Tuesday, August 31, 2010

When Democratic Presidents reappoint Fed Chairmen

Regarding Fed Chairman Ben Bernanke's refusal to juice the economy at this point with further extraordinary measures such as a new round of quantitative easing, Jonathan Bernstein suspects that "Obama re-appointed Ben Bernanke without assuring himself that Bernanke would carry out policies that Obama presumably supports on the merits, and would have had the benefit of helping the Democrats in the 2010 election cycle."

Bernstein does grant that "it's possible that when Obama re-appointed Bernanke he thought he had such assurances, and it's possible that he believed that Fed policy to that point combined with fiscal stimulus would be sufficient to beat the recession, so that he underestimated the importance of the Fed in getting the economy back up to speed."  Finally, he arrives at what may have been the key point for Obama decision:

It's also fair to say that a year ago, in the wake of the financial crisis, reassuring the markets and keeping in place the person who had experience dealing with those issues was probably a more legitimate concern than it is today. 

As is the case on so many fronts, Bill Clinton, facing a rejectionist Republican majority, worked under constraints similar to those confronting Obama (and if Republicans capture one or both chambers of Congress this November, as seems increasingly likely, the operating environment will be more similar still).  According to Taylor Branch in The Clinton Tapes, when Clinton reappointed Greenspan in 1996, he
had wanted badly to replace chairman Alan Greenspan with Felix Rohatyn, the shrewd investment banker from Lazard Freres, but he ran into vexing constraints everywhere. Rohatyn himself advised Clinton to reappoint Greenspan instead, arguing that the Republican Senate would confirm no one else. Wall Street could not elect a U.S. president, Rohatyn told him, but it could surely un-elect one.  If threatened, financial, financial powers would sacrifice short-term profits to drive interest rates higher, hurting blue-collar workers with layoffs and shaky pension funds. In the end, Rohatyn refused appointment to both posts -vice chair as well as chair], and Clinton suspected that Greenspan had engineered this result by warning of political friction and terrible drudgery at the Fed.  He thought the wily incumbent protected his brittle ego from comparative scrutiny alongside Rohatyn, who was just as accomplished and a far more persuasive, attractive public speaker (p. 348).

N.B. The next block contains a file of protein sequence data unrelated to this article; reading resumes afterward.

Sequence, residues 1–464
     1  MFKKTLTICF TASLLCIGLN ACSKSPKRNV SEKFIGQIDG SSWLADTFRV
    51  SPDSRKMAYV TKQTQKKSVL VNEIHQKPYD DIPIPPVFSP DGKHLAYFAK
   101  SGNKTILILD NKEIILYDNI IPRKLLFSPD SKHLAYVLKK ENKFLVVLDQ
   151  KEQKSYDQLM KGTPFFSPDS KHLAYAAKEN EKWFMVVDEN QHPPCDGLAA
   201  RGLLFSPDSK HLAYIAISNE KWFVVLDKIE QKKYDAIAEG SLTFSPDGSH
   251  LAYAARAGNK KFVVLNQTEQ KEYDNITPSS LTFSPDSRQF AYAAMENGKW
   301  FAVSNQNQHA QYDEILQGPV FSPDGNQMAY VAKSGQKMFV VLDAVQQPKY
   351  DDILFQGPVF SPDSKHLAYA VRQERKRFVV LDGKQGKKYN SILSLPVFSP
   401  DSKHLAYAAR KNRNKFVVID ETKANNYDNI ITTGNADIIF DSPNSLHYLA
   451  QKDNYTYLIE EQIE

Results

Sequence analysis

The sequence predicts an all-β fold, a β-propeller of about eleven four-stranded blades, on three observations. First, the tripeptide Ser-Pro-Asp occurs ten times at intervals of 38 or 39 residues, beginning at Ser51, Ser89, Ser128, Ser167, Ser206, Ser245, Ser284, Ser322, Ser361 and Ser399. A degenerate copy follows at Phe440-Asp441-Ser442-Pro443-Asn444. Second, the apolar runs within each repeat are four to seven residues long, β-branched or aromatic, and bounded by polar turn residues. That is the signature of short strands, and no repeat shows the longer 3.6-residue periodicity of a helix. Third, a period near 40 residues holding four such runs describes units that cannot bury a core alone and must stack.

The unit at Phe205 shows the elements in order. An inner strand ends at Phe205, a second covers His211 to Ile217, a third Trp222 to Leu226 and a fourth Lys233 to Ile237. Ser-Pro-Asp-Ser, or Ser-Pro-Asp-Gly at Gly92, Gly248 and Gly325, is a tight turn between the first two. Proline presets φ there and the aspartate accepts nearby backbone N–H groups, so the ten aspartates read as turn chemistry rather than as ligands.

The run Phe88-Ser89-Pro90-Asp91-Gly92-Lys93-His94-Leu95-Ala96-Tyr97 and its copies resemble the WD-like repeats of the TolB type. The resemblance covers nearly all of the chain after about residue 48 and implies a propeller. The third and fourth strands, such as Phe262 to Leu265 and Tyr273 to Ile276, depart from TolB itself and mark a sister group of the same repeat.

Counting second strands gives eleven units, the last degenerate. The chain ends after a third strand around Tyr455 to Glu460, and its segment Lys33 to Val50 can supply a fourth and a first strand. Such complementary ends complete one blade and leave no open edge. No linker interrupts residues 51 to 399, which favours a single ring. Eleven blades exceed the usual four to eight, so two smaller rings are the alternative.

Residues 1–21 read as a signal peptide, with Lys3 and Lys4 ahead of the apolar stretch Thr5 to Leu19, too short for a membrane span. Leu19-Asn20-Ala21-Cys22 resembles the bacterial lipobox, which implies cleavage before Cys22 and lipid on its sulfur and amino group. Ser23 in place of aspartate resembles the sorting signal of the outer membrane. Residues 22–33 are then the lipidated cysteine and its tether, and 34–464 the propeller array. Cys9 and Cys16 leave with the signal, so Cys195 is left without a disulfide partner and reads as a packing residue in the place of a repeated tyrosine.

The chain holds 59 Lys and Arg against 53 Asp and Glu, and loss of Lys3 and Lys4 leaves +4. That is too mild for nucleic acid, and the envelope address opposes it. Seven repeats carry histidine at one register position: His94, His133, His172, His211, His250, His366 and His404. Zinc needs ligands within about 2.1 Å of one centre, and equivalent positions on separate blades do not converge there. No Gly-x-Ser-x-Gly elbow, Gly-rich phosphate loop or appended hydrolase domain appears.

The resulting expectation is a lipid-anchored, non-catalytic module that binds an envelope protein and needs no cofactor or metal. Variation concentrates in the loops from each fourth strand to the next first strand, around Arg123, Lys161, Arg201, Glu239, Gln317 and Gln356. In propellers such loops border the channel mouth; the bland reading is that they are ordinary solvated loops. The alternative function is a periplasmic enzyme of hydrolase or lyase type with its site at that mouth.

Yet Clinton claims that he was ready for a confirmation battle:
"I was committed to him, and I really think he ducked this fight," Clinton said with lingering dismay. "He backed out too soon. He didn't have the stomach for it" (p. 349).
The analogy is imperfect, insofar as more Republicans than Democrats voted against Bernanke's confirmation. Yet Bernanke came into the job as a free-market Republican.  Votes against him on the Republican side were part of the strange alchemy whereby the GOP strove, with a good deal of success, to pin the bailouts, stimulus and the Fed's extraordinary measures in 2008-2009 as a package on Obama -- with the Fed's easy monetary policy and lax oversight throughout the Bush years thrown in for good measure.

One overarching impression in The Clinton Tapes is that Clinton relished wrestling with the Republicans in  Congress, and generally outmaneuvered them or faced them down successfully. Looks like we'll find out soon enough whether Obama has as much fight in him.

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